Kosovar researchers are working on creating the proposed Shtëpia e Herticëve (Hertica Family Home) museum to tell the story of how Albanian children were educated in house-schools in the ‘90s when the Serb authorities kicked Albanians out of schools and other state institutions. How to approach the subject matter in a way that attracts younger audiences by emphasizing visuals and storytelling and not romanticizing the history are key factors in the planning.
Linda Gusia, the sociologist who has been leading these efforts told Konteksti, “I hope that the museum of house-schools won’t fall into this pitfall of attempts to mythologize and to paint a heroic picture of the struggle of the 90s. Because I think in Kosovo there is a grand narrative or metanarrative that falls or collapses on the concept of heroism.”
Creating accessibility and inclusiveness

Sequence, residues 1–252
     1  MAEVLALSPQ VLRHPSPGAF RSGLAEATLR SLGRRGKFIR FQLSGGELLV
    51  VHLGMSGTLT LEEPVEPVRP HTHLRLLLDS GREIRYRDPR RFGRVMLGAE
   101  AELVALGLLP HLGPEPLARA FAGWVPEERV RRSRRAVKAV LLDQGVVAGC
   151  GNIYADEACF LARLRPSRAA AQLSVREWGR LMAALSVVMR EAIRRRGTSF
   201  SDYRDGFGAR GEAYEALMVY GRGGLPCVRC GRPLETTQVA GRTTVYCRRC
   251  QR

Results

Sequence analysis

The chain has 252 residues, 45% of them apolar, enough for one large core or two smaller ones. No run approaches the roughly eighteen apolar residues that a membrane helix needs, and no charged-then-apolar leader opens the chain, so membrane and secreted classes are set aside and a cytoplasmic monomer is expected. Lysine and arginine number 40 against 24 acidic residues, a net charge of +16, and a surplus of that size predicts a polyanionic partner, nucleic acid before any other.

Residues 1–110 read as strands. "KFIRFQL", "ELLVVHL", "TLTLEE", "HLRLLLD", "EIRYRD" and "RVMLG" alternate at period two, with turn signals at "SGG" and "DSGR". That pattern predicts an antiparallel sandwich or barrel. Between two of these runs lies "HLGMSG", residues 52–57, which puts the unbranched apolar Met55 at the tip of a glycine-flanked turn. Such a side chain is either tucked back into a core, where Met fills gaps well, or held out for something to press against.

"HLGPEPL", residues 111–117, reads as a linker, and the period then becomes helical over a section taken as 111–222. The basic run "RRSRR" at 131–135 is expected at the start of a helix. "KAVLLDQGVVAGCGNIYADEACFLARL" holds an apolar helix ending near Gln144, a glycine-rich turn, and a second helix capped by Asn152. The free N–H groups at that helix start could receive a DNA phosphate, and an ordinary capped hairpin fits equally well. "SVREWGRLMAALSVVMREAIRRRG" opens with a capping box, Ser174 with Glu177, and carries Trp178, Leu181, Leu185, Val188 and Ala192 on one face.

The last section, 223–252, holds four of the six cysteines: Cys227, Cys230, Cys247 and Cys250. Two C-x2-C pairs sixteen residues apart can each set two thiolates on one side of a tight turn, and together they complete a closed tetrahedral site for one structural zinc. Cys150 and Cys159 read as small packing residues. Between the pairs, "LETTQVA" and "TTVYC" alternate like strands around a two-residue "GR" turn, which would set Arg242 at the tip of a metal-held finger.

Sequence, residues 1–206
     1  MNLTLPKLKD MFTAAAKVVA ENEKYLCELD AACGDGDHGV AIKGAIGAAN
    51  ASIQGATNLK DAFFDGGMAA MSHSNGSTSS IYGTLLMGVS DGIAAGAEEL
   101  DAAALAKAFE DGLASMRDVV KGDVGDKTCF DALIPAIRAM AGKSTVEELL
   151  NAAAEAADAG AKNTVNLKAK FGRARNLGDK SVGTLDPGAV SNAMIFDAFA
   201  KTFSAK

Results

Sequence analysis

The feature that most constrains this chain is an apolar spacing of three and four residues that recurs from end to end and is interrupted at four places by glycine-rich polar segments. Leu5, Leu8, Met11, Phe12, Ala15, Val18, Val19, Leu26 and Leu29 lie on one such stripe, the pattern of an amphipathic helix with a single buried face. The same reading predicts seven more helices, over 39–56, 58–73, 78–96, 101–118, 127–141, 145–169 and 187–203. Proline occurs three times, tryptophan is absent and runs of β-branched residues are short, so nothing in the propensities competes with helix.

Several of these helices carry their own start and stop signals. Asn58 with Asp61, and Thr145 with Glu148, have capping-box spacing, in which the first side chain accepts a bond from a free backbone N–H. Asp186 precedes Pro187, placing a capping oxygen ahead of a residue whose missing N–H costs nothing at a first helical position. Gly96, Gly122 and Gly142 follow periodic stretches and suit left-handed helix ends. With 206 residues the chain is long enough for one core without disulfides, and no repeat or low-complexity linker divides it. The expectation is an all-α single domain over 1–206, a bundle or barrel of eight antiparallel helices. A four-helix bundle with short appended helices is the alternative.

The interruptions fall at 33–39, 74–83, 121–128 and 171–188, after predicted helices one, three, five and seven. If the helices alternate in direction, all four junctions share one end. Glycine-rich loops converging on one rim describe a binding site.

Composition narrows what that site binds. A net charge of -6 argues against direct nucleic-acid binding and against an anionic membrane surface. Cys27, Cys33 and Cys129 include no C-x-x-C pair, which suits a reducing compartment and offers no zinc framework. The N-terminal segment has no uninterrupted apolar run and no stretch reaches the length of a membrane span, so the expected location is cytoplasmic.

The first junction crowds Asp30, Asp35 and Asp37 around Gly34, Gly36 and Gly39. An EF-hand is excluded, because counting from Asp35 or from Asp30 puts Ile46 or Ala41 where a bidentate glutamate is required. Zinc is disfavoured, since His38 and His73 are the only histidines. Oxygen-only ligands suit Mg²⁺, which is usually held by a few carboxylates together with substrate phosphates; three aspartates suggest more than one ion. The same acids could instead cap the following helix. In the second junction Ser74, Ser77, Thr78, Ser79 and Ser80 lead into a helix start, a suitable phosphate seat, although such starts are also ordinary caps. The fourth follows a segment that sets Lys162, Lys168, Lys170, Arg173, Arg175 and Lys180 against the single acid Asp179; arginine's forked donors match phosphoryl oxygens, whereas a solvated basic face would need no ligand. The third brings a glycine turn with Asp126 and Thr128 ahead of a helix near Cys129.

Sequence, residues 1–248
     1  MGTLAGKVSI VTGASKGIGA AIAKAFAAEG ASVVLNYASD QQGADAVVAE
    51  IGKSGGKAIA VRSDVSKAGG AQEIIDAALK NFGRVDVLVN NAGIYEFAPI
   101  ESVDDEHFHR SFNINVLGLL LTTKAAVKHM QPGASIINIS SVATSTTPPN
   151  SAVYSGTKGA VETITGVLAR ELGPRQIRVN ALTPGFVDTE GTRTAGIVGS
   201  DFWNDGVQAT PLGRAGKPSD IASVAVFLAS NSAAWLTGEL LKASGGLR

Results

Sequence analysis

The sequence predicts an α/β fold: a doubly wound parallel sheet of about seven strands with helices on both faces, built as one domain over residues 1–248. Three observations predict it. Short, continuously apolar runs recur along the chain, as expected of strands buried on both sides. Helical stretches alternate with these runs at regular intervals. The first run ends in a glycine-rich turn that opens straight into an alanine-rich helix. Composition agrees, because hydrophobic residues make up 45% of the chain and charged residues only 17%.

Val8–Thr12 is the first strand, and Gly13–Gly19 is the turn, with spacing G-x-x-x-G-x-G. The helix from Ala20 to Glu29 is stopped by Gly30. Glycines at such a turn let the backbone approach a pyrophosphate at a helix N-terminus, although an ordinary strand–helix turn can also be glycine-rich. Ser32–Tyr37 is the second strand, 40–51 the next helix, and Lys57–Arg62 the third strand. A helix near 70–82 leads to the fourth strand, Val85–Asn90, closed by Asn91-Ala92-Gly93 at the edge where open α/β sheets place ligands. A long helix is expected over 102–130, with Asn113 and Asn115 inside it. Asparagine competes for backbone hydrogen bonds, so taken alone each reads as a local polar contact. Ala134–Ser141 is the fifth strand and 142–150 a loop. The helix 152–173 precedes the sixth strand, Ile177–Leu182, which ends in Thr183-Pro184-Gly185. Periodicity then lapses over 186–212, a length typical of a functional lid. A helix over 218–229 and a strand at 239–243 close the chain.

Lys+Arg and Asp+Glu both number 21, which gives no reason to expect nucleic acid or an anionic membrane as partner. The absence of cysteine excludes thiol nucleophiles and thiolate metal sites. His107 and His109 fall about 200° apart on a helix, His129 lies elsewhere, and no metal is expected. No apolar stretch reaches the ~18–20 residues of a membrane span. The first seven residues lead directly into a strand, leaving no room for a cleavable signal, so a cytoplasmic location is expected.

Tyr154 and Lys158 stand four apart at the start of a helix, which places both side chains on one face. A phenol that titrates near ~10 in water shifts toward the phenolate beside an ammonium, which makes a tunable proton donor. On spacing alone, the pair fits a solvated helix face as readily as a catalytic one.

Online exhibitions are just one part of this process of making museums more open.They provide obvious practical advantages, such as not having to wait in line and being able to visit the museum whenever you want.
More importantly it provides access to museum collections to people who could not visit museums before.This includes people who could not afford to travel and visit these museums and non-able bodied people who might have been put off by a lack of suitable facilities. As such, this could bring a revolution to museums, in which physical presence is not necessary to enjoy access to cultural treasures.
The Kosovo National Museum was robbed of many treasures before and after the war. Today it still suffers from a lack of resources and expertise.
Online exhibitions can democratize physical access to museums, but real public engagement also requires intellectual accessibility.
Take the Kosovo Museum as an example.Its main exhibition, currently, does not provide any narrative for visitors.The items are accompanied solely by labels that indicate what they are and from which time period they originate.This represents an older, traditional museological approach in which the concerns of the visitor were placed below those of the curator.